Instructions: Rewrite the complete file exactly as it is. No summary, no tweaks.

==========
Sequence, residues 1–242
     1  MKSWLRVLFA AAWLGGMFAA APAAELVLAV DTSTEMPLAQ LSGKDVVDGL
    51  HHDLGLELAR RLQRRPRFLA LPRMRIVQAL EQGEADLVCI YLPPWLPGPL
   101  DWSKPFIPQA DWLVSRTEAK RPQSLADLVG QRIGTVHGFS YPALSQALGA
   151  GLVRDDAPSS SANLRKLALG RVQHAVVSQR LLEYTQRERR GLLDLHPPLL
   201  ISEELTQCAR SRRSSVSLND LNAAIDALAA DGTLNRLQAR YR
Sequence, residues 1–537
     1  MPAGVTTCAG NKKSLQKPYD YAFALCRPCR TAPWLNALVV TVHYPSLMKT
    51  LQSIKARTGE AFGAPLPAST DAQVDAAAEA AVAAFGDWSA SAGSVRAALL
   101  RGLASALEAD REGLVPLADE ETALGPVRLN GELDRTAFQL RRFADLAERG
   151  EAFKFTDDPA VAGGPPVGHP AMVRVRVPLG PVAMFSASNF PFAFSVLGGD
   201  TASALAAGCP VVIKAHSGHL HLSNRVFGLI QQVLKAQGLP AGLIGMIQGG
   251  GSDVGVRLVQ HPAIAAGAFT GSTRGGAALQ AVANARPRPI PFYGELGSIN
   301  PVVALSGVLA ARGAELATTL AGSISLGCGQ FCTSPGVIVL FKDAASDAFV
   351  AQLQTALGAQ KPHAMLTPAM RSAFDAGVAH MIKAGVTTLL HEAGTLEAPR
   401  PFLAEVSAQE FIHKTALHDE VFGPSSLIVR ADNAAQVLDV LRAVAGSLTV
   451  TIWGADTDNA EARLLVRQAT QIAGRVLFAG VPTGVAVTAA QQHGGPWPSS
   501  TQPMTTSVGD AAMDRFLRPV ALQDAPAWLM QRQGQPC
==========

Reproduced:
Sequence, residues 1–242
     1  MKSWLRVLFA AAWLGGMFAA APAAELVLAV DTSTEMPLAQ LSGKDVVDGL
    51  HHDLGLELAR RLQRRPRFLA LPRMRIVQAL EQGEADLVCI YLPPWLPGPL
   101  DWSKPFIPQA DWLVSRTEAK RPQSLADLVG QRIGTVHGFS YPALSQALGA
   151  GLVRDDAPSS SANLRKLALG RVQHAVVSQR LLEYTQRERR GLLDLHPPLL
   201  ISEELTQCAR SRRSSVSLND LNAAIDALAA DGTLNRLQAR YR
Sequence, residues 1–537
     1  MPAGVTTCAG NKKSLQKPYD YAFALCRPCR TAPWLNALVV TVHYPSLMKT
    51  LQSIKARTGE AFGAPLPAST DAQVDAAAEA AVAAFGDWSA SAGSVRAALL
   101  RGLASALEAD REGLVPLADE ETALGPVRLN GELDRTAFQL RRFADLAERG
   151  EAFKFTDDPA VAGGPPVGHP AMVRVRVPLG PVAMFSASNF PFAFSVLGGD
   201  TASALAAGCP VVIKAHSGHL HLSNRVFGLI QQVLKAQGLP AGLIGMIQGG
   251  GSDVGVRLVQ HPAIAAGAFT GSTRGGAALQ AVANARPRPI PFYGELGSIN
   301  PVVALSGVLA ARGAELATTL AGSISLGCGQ FCTSPGVIVL FKDAASDAFV
   351  AQLQTALGAQ KPHAMLTPAM RSAFDAGVAH MIKAGVTTLL HEAGTLEAPR
   401  PFLAEVSAQE FIHKTALHDE VFGPSSLIVR ADNAAQVLDV LRAVAGSLTV
   451  TIWGADTDNA EARLLVRQAT QIAGRVLFAG VPTGVAVTAA QQHGGPWPSS
   501  TQPMTTSVGD AAMDRFLRPV ALQDAPAWLM QRQGQPC